February Arctic sea ice extent fourth lowest since 1979
Ice cover last month was 910,000 square kilometres less than same month in 1979
As Arctic sea ice heads towards its maximum extent for the year some time this month, its measured extent in February 2014 was the fourth lowest since 1979, the National Snow and Ice Data Centre said last week.
Ice cover in the Arctic averaged 14.44 million square kilometres, 910,000 square kilometres below the 1981 to 2010 average.
The lowest February measurement of Arctic sea ice extent in the satellite record occurred in 2005, the Colorado-based centre said.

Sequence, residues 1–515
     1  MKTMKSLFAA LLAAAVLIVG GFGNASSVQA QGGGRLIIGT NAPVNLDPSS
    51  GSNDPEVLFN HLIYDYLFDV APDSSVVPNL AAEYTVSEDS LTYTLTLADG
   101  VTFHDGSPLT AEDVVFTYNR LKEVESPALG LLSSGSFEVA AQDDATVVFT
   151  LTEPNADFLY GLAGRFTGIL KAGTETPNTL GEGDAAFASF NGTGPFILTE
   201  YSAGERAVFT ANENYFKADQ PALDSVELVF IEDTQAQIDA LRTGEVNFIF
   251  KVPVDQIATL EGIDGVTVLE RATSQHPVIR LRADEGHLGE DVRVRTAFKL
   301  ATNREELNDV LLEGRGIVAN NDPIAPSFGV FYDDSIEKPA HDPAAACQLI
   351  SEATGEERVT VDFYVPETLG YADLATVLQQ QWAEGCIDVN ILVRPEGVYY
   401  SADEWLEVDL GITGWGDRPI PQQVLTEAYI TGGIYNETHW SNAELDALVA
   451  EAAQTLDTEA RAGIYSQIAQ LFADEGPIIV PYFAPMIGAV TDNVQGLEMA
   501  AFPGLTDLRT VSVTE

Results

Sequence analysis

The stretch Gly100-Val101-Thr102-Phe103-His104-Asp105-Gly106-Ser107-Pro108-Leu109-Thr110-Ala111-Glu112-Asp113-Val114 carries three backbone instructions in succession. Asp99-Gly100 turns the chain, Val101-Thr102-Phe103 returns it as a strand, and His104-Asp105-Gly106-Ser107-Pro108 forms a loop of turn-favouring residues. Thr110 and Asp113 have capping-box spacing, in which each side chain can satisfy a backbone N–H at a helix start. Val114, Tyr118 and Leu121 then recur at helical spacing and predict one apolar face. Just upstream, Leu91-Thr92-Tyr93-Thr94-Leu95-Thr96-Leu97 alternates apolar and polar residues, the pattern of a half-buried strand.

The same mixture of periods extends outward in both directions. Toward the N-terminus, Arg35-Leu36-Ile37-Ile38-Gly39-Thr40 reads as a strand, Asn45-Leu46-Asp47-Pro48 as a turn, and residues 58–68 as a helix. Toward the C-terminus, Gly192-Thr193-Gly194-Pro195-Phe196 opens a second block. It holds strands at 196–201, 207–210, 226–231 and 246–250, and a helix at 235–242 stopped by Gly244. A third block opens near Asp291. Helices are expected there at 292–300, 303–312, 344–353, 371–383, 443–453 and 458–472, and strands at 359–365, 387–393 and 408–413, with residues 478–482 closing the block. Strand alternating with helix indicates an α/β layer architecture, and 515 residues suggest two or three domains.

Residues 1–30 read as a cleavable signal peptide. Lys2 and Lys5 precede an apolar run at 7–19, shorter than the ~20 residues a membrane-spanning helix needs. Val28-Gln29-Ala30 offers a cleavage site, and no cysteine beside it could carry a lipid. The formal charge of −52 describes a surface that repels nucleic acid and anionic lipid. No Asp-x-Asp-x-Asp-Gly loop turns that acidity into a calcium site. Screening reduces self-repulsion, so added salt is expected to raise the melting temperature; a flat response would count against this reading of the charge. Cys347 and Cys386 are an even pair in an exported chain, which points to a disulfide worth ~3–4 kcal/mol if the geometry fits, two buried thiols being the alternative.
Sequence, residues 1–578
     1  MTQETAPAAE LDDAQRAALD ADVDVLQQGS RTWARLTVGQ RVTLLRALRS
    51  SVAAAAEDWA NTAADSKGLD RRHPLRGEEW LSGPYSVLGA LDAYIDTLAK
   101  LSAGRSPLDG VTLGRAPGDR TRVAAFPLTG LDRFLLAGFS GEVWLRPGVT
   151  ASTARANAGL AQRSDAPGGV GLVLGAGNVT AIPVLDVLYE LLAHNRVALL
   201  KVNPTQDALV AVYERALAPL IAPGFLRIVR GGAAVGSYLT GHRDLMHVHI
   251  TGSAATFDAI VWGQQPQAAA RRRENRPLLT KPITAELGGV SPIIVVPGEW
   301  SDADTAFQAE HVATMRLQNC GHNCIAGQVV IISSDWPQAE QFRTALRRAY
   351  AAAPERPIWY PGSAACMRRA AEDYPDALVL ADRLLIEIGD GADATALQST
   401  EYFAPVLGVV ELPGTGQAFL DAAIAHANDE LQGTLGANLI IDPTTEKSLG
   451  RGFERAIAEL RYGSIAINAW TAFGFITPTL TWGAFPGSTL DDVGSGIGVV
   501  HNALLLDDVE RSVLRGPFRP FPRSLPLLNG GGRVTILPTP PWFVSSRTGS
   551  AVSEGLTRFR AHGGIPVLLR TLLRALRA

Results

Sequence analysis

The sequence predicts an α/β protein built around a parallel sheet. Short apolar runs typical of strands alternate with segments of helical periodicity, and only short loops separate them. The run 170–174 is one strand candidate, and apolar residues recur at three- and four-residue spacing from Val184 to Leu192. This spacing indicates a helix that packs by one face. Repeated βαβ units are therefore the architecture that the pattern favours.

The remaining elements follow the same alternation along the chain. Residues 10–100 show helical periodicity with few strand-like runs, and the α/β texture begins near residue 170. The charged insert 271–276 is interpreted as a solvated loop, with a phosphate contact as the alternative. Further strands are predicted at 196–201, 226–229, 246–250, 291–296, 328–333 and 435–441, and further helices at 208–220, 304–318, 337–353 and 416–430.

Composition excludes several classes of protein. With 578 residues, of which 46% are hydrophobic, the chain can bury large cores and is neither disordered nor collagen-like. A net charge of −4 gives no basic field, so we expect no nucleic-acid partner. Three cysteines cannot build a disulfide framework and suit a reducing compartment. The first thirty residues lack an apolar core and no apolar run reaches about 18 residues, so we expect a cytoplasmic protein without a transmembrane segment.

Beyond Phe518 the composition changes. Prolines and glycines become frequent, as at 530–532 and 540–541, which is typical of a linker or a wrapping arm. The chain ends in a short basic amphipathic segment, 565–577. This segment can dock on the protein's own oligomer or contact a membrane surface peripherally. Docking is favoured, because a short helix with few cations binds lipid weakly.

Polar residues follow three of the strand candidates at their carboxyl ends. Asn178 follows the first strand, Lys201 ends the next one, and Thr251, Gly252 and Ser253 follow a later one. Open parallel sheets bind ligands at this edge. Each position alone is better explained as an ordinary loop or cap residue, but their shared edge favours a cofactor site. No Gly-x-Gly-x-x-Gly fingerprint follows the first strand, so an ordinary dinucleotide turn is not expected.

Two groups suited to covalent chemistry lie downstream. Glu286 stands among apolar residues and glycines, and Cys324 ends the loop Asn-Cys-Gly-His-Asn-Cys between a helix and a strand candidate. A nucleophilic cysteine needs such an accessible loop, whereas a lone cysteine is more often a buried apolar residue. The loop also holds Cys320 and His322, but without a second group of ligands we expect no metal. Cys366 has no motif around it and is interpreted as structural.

Overall, Arctic sea ice grew slowly through February 2014.
There were periods of declining ice, likely related to changes in ice motion, the centre said.
Ice extent increased at an average daily rate of 14,900 square kilometres per day during the month.
But that is about 25 per cent slower than the 1981 to 2010 February average growth rate of 20,300 square kilometres per day.
As the maximum sea ice extent approaches, usually in the middle of March, the daily rate of ice growth is expected to slow.
Temperatures in the Arctic have been warmer than average, the centre noted, with temperatures ranging from four to eight degrees Celsius above average February.